Let's get the story straight here: Wuthering Heights is not a romance, but it is the perfect story for Bella and Edward--just not for the reasons Bella can understand.
Wuthering Heights is a story of obsession. For those of you that haven't read it, and are relying on Bella's understanding of the book, here's a quick synopsis: Cathy is raised with Heathcliff as her best friend/foster brother. Together, they are untamed children. Their relationship is disturbed when Cathy meets the Lintons and sees what gentility should act like. When Cathy is an adult, she chooses to marry Edgar Linton rather than Heathcliff, choosing a marriage that will settle her comfortably within her class. Heathcliff disappears and returns a few years later to wreak revenge on Cathy. He seduces Edgar Linton's younger sister and elopes with her. To prevent anyone from discovering their elopement, he kills her dog* when the animal's barking threatens to expose them when they run away together in the middle of the night. He does this not because he loves Isabella, but rather to torment Edgar and Cathy. There's more to the story, but I'll stop here--if you want to know more, you should read the original novel.
As should be clear from my summary, above, Wuthering Heights is not a love story. It's a story about obsession and how it twists people and destroys lives.
Unfortunately, Bella is too young, inexperienced, and ignorant to see the proper parallels between her story and Cathy's. She has no idea what love is, and understand only obsession.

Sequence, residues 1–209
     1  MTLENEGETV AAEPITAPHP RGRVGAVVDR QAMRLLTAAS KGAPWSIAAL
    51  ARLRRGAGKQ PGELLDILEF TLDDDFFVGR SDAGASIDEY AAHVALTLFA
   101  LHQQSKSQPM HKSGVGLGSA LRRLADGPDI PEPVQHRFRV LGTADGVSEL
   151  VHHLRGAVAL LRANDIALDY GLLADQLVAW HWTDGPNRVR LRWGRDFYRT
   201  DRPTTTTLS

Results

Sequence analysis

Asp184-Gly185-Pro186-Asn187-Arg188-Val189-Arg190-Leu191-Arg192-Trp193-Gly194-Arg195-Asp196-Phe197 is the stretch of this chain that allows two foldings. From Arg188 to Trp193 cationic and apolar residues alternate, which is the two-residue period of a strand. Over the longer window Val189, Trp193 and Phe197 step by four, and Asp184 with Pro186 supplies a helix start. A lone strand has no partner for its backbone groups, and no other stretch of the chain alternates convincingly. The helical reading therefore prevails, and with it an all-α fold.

*Edit: Quick correction--Heathcliff only tried to kill Isabella's dog. He left it hanging from the neck by a handkerchief, and someone else discovered the dog before it actually died. While the dog does not die, that's through no help of Heathcliff's. He had every intention of killing the animal....more
I couldn't make it past page 283. There's nothing significantly bad about page 283, in case you're worried about spoilers, but I realized after readinI couldn't make it past page 283. There's nothing significantly bad about page 283, in case you're worried about spoilers, but I realized after reading 17 chapters that I simply couldn't take it anymore.
I'm too old for this series.
I bought the original series--the trilogy--when they were first published. I love them still, even though my tastes have gotten much more demanding as I've grown. Reading the Return series for the first time as an adult, I don't have that rosy affection for it that I have for the original books. It's not that there's anything wrong with this series; L.J. Smith's writing has not significantly improved or declined in the intervening years. I've just grown to expect more depth from a book--even a YA title--than what's here....more
The story almost starts like a porn flick. Casey, the unappreciated waitress atThis was another free ebook from BN.com.
I won't bother with the sequel.
The story almost starts like a porn flick. Casey, the unappreciated waitress at a strip club, saves a man from mysterious attackers in the parking lot when she leaves work. He refuses to go to the hospital, so she takes him home and plans to nurse him there. The man, Theron, heals unnaturally quickly, and he seems to have some sort of mind control powers. When she asks him about his attackers, strange creatures that seem like a mix of humans with multiple animals (they're called deamons, but she doesn't know this), he uses his mind control to wipe the memory. As he holds her wrist, he also feels her surge of desire, and in a move straight from some kind of bondage flick, compels her to do anything he asks. Within a few pages, they're tumbling on the sofa--at least until he sees her strange birthmark that could pass for a tattoo . . .